Yes, there’s homework involved from time to time.
And to up the ante with the whole thing I was in the Lappeenranta-Imatra sector at the time, which made it significantly more difficult but fortunately our guest pen Sonja knows her way around. South Carelian marshes are a rarity of some sort and if you manage to find one, they’re usually heavily ditched which means they’re pretty much ruined. But as luck would have it, this wasn’t Sonja’s first rodeo.
So within this story I’m introducing the Hämmäauteensuo marsh, which is protected by nature preservation law. It’s also owned by the City of Lappeenranta and has a lean-to that’s oddly broken. But you can roast sausages by it. This time around the roasting was already done the previous day on Sonja’s lean-to birthday in Kangaskoski. Which was nice since the Hämmäauteensuo lean-to was packed. But this was more of an educational trip. I like to drag my friends into these things.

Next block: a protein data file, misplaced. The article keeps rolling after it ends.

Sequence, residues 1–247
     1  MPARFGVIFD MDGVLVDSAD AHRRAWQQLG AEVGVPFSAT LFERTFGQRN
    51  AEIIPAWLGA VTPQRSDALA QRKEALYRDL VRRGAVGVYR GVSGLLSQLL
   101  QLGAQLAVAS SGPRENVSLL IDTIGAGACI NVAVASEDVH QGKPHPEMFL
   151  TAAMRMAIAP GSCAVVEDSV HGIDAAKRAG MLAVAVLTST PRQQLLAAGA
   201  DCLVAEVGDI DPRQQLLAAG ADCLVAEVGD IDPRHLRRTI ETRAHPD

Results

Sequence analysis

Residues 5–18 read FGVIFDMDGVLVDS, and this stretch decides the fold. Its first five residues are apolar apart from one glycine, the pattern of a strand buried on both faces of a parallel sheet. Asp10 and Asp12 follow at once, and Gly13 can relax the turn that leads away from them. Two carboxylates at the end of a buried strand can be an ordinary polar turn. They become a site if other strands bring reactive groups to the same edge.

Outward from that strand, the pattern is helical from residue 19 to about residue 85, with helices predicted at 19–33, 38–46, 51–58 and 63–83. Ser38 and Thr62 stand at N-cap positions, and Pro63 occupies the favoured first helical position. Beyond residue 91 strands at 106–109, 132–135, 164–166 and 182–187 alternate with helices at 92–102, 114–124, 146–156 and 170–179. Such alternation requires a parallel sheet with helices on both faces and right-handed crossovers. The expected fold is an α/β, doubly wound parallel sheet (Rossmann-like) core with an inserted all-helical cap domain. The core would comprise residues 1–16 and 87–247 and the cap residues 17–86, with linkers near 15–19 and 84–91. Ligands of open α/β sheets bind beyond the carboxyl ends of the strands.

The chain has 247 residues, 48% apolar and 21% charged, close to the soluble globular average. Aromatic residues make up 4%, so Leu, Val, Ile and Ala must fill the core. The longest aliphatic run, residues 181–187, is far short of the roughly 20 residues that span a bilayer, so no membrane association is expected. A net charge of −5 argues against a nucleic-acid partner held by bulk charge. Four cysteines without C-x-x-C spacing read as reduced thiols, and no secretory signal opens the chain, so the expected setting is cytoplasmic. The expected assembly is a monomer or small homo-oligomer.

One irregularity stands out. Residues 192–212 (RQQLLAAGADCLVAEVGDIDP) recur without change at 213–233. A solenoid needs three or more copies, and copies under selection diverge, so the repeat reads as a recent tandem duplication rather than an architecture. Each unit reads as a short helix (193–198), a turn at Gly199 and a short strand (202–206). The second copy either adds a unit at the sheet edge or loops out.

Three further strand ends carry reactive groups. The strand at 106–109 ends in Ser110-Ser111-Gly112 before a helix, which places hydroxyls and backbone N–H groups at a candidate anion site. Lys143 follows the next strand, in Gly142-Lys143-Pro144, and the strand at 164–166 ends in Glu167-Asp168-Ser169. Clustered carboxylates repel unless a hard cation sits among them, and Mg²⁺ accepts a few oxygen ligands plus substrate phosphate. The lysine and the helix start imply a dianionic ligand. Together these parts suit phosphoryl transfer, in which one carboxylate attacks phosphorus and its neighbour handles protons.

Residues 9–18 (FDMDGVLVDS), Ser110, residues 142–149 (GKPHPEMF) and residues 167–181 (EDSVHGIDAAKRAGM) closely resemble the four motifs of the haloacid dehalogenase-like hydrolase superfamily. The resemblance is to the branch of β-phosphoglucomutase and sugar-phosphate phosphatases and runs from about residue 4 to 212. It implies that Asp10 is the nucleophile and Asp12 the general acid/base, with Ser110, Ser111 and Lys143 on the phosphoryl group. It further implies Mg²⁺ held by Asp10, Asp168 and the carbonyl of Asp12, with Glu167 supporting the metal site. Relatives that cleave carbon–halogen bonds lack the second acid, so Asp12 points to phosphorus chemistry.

Bog, morass and wilderness
Hämmäauteensuo is a wooded 30 hectare marsh area.
The two marsh types dominating Hämmäauteensuo are bog and morass. Bog is an open marsh which is usually seen as such, a marsh – but morass has pine growing in it. And wilderness needs its fair share of spruces.
Honestly, I didn’t recognize all the plants I encountered but I did ask Heikki to take comprehensive photos of them! In addition to all of this I noticed cowberry, blueberry and dwarf birch. Not to mention cotton grass which is one of my favorites. The two I had to look up and confirm from my teacher were a rosling and a vaivero.
Marshes are interesting places with their eerie atmosphere. I have certain love for broadwalks and especially when you can see plants reach the horizon.